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Why are the Smithsonian denying a 1909 excavation ever happened?
On April 5th, 1909, the Phoenix Gazette carried a front page spread about an extraordinary archaeological expedition in the Grand Canyon. The story went into great detail about the mission and explained that a Professor S.A. Jordan from the Smithsonian had recovered objects of Egyptian origin in a remote cave in the canyon.
When asked about the article regarding a Smithsonian excavation in the Grand Canyon where Egyptian artifacts had been found—and whether they could offer more information—a representative of the institution said:
THE FIRST THING I CAN TELL YOU BEFORE WE GO ANY FURTHER, IS THAT NO EGYPTIAN ARTIFACT OF ANY KIND HAVE EVER BEEN FOUND IN NORTH OR SOUTH AMERICA. THEREFORE, I CAN TELL YOU THAT THE SMITHSONIAN INSTITUTE HAS NEVER BEEN INVOLVED IN ANY SUCH EXCAVATIONS.”
When asked for comment on the intriguing newspaper story, a representative from the Smithsonian was adamant in their rejection of the entire narrative. “The first think I can tell you before we go any further is that no Egyptian artifact of any kind has ever been found in North or South America, ” they said, “Therefore, I can tell you that the Smithsonian Institute has never been involved in any such excavations.” Further to that, the Institute also denied any knowledge of Professor Jordan or his colleague G.E. Kinkaid who was also referenced at length in the article.
Given the unequivocal denial of the Smithsonian Institute about the expedition, it could easily be assumed that the article was nothing more than an early twentieth-century example of fake news and the story was nothing more than a very intricate hoax. After all, this was an era when newspapers thrived on sensationalist stories, and journalistic oversight was negligible.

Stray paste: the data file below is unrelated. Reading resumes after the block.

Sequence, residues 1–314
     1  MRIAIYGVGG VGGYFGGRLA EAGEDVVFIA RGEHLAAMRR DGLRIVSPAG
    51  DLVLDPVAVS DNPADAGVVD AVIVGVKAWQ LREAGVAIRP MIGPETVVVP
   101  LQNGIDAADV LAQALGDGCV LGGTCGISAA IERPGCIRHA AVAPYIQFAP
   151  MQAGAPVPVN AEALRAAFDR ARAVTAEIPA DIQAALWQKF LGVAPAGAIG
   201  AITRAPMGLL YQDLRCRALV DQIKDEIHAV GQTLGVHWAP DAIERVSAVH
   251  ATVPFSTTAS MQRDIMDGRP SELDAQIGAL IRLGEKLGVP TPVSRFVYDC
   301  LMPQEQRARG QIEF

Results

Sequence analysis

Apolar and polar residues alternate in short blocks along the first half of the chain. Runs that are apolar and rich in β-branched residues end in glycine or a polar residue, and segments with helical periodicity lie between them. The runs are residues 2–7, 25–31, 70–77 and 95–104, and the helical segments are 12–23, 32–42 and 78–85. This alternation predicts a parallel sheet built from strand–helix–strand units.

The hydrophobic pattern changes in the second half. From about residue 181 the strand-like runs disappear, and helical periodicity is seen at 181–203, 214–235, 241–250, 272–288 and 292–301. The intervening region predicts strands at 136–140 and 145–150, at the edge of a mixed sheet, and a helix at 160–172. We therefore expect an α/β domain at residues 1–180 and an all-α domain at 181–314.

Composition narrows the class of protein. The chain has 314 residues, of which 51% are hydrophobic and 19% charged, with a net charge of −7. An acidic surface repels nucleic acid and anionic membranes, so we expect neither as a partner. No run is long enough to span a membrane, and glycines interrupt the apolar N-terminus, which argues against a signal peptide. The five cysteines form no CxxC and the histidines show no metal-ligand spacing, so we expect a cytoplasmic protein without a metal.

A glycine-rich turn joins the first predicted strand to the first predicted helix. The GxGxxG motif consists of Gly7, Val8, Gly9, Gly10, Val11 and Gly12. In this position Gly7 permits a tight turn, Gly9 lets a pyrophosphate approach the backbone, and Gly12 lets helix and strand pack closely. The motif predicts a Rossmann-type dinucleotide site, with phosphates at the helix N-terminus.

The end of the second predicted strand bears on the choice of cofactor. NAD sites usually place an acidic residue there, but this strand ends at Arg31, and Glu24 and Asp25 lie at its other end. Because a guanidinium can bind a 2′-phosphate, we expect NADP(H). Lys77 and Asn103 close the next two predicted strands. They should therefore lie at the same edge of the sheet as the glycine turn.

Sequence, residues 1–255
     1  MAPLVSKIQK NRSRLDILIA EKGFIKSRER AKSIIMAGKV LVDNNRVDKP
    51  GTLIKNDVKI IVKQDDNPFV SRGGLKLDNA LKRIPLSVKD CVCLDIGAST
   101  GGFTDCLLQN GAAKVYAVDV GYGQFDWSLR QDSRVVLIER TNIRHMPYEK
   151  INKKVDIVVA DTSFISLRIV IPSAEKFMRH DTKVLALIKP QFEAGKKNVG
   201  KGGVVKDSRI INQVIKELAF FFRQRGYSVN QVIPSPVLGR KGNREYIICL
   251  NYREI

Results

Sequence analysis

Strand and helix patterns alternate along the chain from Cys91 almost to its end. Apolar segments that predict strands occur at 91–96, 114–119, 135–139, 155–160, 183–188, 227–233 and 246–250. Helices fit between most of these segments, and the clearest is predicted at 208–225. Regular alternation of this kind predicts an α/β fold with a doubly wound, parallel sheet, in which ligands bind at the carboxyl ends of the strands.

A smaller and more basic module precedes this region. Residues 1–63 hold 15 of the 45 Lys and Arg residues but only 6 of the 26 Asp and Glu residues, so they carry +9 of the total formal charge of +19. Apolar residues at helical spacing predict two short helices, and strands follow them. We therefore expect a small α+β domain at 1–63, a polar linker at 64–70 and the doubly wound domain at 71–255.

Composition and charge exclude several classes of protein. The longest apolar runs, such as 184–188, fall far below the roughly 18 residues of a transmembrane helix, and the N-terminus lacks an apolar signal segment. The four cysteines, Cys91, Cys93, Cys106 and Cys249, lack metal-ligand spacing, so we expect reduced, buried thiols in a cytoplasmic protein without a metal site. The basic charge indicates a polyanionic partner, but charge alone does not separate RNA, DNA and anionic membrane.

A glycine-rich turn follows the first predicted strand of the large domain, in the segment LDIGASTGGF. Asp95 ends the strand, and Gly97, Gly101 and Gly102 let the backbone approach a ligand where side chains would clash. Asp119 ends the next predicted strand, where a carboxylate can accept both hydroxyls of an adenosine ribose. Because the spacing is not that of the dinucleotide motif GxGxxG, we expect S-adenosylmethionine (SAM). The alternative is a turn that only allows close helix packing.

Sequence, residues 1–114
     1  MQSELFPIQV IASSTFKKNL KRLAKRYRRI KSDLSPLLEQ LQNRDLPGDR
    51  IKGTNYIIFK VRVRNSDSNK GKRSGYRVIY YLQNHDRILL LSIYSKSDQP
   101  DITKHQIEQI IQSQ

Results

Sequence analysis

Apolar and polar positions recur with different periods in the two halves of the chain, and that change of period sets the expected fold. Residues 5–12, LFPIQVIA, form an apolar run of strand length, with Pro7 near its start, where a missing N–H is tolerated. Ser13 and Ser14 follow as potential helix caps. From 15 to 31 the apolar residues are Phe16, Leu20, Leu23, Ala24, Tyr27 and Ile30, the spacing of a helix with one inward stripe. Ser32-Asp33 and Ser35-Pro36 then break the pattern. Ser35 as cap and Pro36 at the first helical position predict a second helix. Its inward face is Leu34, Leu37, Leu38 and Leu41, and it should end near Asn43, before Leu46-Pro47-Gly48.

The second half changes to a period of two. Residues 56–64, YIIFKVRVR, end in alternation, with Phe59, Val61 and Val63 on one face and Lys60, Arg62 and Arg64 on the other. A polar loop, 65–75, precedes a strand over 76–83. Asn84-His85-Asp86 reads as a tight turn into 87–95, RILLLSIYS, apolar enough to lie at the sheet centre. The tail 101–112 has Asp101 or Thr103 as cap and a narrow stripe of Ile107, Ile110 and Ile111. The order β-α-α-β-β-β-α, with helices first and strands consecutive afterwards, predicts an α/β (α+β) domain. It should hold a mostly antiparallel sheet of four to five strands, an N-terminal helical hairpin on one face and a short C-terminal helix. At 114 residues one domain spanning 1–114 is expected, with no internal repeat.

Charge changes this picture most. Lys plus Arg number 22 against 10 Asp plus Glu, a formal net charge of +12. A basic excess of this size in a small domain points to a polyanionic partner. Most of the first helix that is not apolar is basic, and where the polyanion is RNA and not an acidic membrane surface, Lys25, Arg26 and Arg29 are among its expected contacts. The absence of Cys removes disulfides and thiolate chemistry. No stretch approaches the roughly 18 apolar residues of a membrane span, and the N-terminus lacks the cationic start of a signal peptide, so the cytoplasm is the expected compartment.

But one many thought there was far more to the story than that. Carl Hart, the editor of World Explorer, found a map of the Grand Canyon and was intrigued to discover that a huge number of the sites on the north side of the canyon had Egyptian names. A cursory examination of the map turned up sites called the Tower of Ra, the Tower of Set, the Osiris Temple, the Horus Temple and the Isis Temple. The Haunted Canyon also had a site named the Cheops Pyramid, as well as various names which appeared to refer to Eastern religions such as the Buddha Cloister, Buddha Temple, Shiva Temple and Manu Temple.
Could it be possible that this was nothing more than a coincidence? The World Explorers Club decided that it was certainly compelling enough to investigate and sent an archaeologist to the site to determine whether there was any connection between this region of North America and the ancient Egyptians. After a brief investigation, the archaeologist was certainly of the opinion that the names were just coincidence and it is likely that the early adventurers who explored this area simply had a fondness for Egyptian and Far Eastern names.
However, this exploration of the region was incomplete as most of the area was restricted owning to the dangerous caves and unstable rocks. This means that the truth may still be out there to be discovered.